Screaming, thrashing, frantically pacing — night terrors earn their name, both for the person experiencing one and for anyone around during the event.
Unlike nightmares, which arise during REM sleep, night terrors happen during non-REM sleep, usually early in the night. They’re most common in children. The person in the midst of a terror may suddenly sit upright, eyes open, though they aren’t actually taking in the sights. The person often yells or screams, and can’t be awakened or comforted. In some cases, night terrors mix with sleepwalking. Parents have reported children wandering the house in a state of panic. After 10 or 15 minutes, the person usually settles back into sleep, according to the National Institutes of Health. Most don’t remember anything about their episode the next morning.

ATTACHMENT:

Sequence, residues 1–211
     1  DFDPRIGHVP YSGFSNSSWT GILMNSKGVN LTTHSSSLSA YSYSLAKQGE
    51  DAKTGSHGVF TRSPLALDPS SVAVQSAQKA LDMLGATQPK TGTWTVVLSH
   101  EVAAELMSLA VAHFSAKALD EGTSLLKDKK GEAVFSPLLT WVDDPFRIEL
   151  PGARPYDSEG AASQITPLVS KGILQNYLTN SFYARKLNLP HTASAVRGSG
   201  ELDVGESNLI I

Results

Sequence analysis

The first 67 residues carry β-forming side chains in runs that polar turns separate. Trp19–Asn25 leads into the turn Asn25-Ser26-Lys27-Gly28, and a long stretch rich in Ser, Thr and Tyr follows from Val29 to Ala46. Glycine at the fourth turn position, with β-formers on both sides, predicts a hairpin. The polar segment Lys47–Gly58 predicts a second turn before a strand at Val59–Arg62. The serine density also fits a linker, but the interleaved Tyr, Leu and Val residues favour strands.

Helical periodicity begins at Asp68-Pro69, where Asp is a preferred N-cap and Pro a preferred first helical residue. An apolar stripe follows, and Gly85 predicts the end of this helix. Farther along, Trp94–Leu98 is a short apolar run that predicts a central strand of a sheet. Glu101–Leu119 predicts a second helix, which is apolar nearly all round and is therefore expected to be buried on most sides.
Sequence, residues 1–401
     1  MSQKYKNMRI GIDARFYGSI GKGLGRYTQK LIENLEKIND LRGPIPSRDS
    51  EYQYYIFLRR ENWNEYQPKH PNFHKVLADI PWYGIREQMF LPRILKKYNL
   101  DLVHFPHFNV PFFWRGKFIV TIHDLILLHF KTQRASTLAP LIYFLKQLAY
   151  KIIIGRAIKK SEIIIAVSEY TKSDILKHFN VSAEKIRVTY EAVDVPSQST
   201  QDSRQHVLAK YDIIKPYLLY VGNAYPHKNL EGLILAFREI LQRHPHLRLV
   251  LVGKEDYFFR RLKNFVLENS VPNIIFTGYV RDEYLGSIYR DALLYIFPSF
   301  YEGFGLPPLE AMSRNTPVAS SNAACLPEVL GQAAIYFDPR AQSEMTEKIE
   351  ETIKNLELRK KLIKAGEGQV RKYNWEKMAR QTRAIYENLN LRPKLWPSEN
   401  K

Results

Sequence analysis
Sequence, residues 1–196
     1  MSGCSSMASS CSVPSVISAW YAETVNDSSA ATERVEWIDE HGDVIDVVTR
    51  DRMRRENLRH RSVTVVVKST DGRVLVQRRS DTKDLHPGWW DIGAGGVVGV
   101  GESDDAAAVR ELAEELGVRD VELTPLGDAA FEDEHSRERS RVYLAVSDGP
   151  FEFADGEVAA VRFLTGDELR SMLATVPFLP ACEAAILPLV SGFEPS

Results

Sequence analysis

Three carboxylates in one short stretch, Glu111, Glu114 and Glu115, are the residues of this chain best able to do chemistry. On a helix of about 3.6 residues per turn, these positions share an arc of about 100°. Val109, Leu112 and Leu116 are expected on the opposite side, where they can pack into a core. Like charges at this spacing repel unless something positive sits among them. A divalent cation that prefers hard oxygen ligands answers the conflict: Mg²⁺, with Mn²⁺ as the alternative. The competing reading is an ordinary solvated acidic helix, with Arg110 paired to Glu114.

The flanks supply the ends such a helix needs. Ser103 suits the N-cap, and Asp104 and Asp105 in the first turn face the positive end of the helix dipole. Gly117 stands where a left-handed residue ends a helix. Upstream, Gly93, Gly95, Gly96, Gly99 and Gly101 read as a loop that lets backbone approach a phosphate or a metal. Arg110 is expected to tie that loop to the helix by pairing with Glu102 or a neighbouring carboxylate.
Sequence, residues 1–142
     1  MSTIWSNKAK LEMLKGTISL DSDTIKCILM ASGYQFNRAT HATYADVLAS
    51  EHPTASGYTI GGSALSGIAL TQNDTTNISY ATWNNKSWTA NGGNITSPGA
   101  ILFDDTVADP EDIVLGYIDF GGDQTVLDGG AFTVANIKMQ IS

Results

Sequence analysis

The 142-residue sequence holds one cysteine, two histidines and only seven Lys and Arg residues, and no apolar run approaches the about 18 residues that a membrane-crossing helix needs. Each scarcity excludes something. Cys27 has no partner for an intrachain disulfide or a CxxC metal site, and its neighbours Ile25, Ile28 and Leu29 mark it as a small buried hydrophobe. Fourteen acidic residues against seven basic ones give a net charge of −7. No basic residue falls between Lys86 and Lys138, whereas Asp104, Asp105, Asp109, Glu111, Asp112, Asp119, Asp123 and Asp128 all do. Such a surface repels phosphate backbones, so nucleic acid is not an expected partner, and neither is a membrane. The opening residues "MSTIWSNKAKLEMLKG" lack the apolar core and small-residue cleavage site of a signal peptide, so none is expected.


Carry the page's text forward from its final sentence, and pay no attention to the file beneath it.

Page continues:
The cause of night terrors is a mystery, but fever, irregular sleep and stress can trigger them. Fortunately, according to the ASA, terrors usually fade after age.